With this recent case, the Department of Justice's lawsuit focused not on how the combined company intends to use the data that it'd have at its disposal, but on whether prices would increase post-merger. After Leon ruled that the government failed to demonstrate that the AT&T/Time Warner merger would result in higher prices, judges at the appeal homed in on whether customers and rivals of the merged company would pay higher prices for DirecTV services or Time Warner content. This focus on price reinforces the perception that the consumer welfare standard too narrowly limits scrutiny to the prices consumers pay, despite the fact that weakened privacy protections should also constitute a consumer harm in the digital economy. In addition, important questions remain: Should antitrust regulators intervene if a transaction would likely weaken consumer privacy protections? And how would a court determine that? If the government's quantitative models predicting higher prices failed to persuade the judges, how would a model predicting harm to consumer privacy stand up to scrutiny?

Third, the slow nature of law enforcement means that protecting privacy through antitrust enforcement alone would likely still leave consumers vulnerable. AT&T and Time Warner announced their merger in October of 2016, and now, more than two years later, after a three-judge panel affirmed Leon's decision to approve the merger, the Department of Justice has decided to abandon its case. But the case could've dragged on even longer had the government decided to ask the full D.C. Circuit to review the decision, or appeal it to the Supreme Court.

And fourth, there's also the fact that the antitrust enforcement agencies sometimes also bear substantial risks in bringing a lawsuit. The chance that a judge may not agree with their theory of harm may be too high—such that when a judge rules against an agency, it may create a bad legal precedent that only compounds the barriers to vigorous antitrust enforcement. As the first vertical merger challenge in nearly 40 years, the AT&T/Time Warner case may already make it easier for companies to pursue vertical mergers in the future.

Of course, this isn't to suggest that questions about how antitrust can address privacy concerns are new. They came up over a decade ago when Google acquired Doubleclick in 2007, and then again when Facebook acquired WhatsApp in 2014. But given the case-by-case nature of antitrust enforcement, whether antitrust can even be applied to protect privacy depends on the facts of each particular case, and on the strength of supporting evidence.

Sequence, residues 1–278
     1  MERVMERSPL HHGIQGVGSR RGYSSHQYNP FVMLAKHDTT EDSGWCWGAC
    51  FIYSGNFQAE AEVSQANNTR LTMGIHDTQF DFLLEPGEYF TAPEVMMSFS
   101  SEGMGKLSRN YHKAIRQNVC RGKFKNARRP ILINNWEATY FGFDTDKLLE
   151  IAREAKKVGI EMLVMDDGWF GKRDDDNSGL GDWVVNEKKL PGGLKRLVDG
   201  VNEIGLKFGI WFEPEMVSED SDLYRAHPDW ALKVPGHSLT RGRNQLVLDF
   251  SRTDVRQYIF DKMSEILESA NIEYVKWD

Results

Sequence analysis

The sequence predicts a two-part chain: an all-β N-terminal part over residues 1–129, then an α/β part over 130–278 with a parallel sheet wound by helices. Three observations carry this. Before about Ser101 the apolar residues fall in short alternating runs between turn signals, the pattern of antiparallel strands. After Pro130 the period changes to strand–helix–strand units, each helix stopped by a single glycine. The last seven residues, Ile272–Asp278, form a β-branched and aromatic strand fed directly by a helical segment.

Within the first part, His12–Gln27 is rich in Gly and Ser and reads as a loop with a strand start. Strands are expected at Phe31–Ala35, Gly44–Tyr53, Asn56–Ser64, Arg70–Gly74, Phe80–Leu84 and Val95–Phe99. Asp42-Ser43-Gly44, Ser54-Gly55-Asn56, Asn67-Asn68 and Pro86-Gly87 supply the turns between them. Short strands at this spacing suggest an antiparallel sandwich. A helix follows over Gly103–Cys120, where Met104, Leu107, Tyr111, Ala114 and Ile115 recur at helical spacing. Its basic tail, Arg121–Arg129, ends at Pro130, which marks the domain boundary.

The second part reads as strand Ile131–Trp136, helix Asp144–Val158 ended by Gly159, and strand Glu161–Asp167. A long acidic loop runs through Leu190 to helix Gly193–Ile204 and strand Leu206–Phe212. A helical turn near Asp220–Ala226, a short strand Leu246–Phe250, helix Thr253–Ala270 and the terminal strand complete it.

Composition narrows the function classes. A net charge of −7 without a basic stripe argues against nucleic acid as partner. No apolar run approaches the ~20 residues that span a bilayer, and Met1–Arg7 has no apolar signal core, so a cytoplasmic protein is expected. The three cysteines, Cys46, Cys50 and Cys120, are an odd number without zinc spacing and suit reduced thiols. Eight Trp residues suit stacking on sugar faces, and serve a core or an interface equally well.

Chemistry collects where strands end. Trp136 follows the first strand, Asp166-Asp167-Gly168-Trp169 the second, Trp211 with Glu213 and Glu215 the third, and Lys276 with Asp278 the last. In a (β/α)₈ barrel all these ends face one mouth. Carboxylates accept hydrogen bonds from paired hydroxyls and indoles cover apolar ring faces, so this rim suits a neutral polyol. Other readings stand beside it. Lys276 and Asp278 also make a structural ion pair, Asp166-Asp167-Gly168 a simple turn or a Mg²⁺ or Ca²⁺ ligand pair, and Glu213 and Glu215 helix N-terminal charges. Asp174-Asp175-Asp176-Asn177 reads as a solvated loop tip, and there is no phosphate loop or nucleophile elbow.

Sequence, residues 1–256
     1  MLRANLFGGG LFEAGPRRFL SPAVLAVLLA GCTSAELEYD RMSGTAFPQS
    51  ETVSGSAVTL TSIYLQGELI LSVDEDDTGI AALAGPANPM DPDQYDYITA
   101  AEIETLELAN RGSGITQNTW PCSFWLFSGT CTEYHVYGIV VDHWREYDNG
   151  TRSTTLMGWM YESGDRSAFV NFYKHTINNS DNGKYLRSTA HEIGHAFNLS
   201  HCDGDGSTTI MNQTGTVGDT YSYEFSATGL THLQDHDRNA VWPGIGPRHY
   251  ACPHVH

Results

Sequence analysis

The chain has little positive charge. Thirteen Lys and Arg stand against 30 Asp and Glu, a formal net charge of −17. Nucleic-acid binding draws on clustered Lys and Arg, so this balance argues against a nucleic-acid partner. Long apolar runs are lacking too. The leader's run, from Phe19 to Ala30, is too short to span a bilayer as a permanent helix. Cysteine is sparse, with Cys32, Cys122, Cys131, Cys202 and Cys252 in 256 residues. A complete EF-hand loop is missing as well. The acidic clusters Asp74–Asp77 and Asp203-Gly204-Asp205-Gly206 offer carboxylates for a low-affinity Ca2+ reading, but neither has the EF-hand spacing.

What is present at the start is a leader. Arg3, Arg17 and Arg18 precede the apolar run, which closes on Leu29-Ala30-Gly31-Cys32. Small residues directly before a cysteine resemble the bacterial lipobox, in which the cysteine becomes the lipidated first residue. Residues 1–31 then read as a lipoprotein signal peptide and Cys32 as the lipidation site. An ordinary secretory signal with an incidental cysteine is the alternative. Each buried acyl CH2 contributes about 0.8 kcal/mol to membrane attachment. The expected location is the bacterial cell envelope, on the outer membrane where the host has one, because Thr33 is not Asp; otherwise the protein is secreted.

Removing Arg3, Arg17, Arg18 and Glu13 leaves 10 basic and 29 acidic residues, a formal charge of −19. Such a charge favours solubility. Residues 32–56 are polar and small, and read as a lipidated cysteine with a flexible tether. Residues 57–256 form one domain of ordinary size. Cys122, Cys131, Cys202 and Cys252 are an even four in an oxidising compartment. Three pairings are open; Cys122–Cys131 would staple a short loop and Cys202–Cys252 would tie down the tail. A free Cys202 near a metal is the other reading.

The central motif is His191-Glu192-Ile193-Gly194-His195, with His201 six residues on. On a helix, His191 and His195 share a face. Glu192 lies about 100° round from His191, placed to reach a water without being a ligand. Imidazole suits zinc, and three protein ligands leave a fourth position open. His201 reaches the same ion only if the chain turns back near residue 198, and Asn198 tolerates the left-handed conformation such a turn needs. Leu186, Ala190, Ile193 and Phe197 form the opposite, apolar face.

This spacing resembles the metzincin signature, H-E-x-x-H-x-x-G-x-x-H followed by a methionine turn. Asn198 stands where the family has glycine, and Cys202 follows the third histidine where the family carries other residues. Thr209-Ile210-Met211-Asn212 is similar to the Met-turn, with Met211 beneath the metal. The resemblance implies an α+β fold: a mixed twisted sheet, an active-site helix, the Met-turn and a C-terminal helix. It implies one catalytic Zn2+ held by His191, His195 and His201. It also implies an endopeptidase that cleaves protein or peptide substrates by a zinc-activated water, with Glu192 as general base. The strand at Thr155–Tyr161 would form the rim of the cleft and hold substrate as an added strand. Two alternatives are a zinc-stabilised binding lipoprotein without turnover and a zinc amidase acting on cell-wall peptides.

Neither is this to say that antitrust law has nothing to do with privacy. While its goal is to promote competition, it can also help mitigate market concentration and the privacy risks that arise when large amounts of data are found within a single company. Competition ensures that consumers have the option to choose between services based on individual privacy preferences, like selecting between Google and DuckDuckGo. Antitrust law, in other words, can stop mergers that would give a company an unfair competitive advantage or create a barrier to entry because of data concerns.

The lawsuit to block the AT&T/Time Warner merger, though, didn't do any of this. Rather, Tuesday's court ruling showed that, while antitrust law has a part to play, antitrust enforcement is, at least on its own, an imperfect and insufficient tool for protecting consumer privacy.

Indeed, at the end of the day, two things are true: While it's important to bolster antitrust law, consumers also can't wait for the right case to come along to secure their privacy rights. Even if the Department of Justice had successfully litigated a case for protecting consumer privacy, it would've only saved AT&T and Time Warner's customers from having their data used to their detriment in the context of the merger. Regulating the use of data needs to involve more than just antitrust law—because only by having clear privacy rules is it possible to fully protect consumers' privacy.

This story originally appeared in New America's digital magazine, New America Weekly, a Pacific Standard partner site. Sign up to get New America Weekly delivered to your inbox, and follow @NewAmerica on Twitter.